- 10 March 2020
- by Ms. Cindy Owuor, GNRC–Kenya
- Category: Blog
Teachers Beyond Borders
It is believed that teaching is a career choice which most individuals in Kenya venture into after missing out on their desired careers. But that is not the case for Ms. Fahima Ali. Hers is a case of passion and desire to create the change she wants in society – passion and desire that she has had since childhood, growing up in Coastal Kenya.
As a teacher she gets the inspiration from her own name, “Fahima,” which means to understand; to endeavor to make her pupils understand every concept she teaches. Her teaching philosophy is, ‘imparting knowledge and understanding.’
When she began teaching Physical Education in Majengo in 2001, Fahima had little idea of how impactful she would become to the lives of the hundreds of children she teaches, and the youth and mothers she interacts with. The mother of four has lived in Majengo for 26 years and taught in the same area for 19 years. With this rich experience, she asserts that poverty and peer influence are the major challenges in the low-income community, making many children and youth drop out of school. “Left with limited options, many of them become vulnerable and are lured into violent extremist groups like al Shabab,” she says.
The 40-year-old mother shared her efforts to encourage fellow mothers to take their children to school, noting that education maybe the only fundamental tool to relinquish the community from poverty. She has also been a crusader of peaceful co-existence. With her community comprising of different faiths, she has been in the frontline in promoting peaceful coexistence among his students and between the residents of the area. She explained that at times religion has been used to fuel hatred and cause disharmony between the majority Christian and Muslim communities; hence her commitment to transform the situation. “We are all human beings. We are all from God,” she added.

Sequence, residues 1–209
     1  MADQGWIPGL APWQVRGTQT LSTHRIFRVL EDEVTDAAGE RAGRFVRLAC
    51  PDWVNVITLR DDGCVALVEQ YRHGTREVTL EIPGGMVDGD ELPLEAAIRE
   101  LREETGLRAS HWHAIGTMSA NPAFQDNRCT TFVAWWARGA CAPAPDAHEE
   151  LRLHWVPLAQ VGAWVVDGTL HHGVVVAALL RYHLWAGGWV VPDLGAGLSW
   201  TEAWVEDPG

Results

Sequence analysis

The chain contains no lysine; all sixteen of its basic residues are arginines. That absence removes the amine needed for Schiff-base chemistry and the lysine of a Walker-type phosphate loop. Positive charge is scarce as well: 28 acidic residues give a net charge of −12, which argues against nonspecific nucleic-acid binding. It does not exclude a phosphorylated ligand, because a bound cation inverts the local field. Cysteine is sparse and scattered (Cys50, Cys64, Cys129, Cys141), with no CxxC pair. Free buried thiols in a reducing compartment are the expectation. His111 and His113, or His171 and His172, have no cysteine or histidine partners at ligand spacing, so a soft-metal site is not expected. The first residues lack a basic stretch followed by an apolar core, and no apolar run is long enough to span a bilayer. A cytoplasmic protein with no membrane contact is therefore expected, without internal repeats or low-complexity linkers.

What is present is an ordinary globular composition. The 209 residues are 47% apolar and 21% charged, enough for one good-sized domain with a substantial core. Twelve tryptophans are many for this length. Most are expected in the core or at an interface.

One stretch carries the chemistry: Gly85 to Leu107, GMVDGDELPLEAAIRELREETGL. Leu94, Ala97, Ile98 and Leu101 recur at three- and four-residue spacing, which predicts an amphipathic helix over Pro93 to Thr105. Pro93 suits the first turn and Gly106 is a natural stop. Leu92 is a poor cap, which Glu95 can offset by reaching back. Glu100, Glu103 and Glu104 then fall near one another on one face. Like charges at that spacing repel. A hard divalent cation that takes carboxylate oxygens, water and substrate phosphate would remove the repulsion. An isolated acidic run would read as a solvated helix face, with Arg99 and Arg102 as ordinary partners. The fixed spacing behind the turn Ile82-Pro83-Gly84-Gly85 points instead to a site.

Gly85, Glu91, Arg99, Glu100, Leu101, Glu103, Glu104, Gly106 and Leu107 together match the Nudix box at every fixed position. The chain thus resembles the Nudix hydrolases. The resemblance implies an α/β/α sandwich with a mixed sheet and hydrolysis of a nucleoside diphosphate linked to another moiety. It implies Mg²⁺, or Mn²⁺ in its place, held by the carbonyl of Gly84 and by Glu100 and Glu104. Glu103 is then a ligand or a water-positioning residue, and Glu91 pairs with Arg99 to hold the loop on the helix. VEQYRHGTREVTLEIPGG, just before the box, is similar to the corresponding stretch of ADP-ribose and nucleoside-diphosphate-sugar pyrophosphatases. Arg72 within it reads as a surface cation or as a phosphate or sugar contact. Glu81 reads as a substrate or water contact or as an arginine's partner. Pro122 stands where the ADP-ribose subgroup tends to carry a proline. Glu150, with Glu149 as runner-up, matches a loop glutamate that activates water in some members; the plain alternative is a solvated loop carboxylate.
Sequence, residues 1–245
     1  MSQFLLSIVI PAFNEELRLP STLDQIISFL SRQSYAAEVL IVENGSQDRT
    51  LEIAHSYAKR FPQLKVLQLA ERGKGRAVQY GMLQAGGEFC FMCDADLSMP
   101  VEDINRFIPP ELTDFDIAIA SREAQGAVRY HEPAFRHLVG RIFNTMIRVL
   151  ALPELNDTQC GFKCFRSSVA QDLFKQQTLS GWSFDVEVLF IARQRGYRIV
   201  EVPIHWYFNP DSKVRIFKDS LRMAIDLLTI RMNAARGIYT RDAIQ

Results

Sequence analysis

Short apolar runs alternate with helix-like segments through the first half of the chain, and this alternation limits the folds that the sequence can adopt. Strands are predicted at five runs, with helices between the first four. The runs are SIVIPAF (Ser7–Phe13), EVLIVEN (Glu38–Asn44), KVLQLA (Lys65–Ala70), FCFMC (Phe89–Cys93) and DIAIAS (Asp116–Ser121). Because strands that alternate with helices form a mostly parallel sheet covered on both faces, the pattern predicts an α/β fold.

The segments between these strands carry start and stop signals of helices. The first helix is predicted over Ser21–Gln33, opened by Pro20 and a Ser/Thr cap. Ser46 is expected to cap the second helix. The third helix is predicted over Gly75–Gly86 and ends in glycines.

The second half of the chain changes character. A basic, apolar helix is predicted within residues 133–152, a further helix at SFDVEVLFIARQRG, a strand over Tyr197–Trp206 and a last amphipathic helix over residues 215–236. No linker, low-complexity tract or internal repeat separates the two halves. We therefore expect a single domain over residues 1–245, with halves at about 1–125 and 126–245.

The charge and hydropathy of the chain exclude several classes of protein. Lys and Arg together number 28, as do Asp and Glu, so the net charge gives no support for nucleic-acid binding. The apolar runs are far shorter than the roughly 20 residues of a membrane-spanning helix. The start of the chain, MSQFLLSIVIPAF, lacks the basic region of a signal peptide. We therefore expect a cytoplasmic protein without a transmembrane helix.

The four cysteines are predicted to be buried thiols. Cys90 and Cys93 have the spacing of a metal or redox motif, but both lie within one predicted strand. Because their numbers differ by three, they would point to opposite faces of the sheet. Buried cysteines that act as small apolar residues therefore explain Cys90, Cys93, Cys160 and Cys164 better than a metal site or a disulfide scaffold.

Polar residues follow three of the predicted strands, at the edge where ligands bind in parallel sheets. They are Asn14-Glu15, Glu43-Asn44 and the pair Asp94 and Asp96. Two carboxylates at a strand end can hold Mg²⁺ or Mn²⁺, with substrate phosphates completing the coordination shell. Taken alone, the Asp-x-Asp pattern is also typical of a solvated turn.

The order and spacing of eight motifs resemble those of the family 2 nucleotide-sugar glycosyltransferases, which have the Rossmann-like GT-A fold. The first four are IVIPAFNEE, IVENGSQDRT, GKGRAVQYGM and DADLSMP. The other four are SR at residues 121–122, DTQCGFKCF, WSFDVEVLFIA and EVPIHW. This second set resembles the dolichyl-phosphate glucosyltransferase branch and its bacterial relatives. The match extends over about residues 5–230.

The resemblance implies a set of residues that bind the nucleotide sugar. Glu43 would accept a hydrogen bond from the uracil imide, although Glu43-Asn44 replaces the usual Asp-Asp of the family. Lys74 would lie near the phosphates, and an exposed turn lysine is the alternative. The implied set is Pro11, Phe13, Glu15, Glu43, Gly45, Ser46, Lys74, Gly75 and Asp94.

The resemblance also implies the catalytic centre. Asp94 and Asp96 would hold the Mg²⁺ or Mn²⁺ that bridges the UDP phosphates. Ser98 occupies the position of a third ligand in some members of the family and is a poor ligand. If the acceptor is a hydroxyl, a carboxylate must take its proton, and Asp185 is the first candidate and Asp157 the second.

Fahima however feels that parents, especially mothers have not done enough in imparting the right values and religious teachings in their children. She alludes this to mothers being either too ‘busy’ for their families or just being reluctant in meeting their parental obligations. “Mothers need to be close and friendly to their children in order to know them well,” she noted.
It is for this reason that Fahima participated in the Family Resilience project, an opportunity which has enabled her to connect, share experiences and fulfill her passion for peaceful co-existence. She is among the 40 women benefitting from the project.
The project supports women working or living in informal settlements of Nairobi and Mombasa by building their capacity to prevent violent extremism. The project also empowers the women peace builders to educate children and young people against radicalization into violent extremism by instilling entrepreneurship and leadership skills.
Fahima asserts that the project offers a ray of hope to women. She hopes the project will expand to more regions in the Horn of Africa. ‘Every mother has big dreams for their children. Let’s empower them to meet those dreams for their children,” she concludes.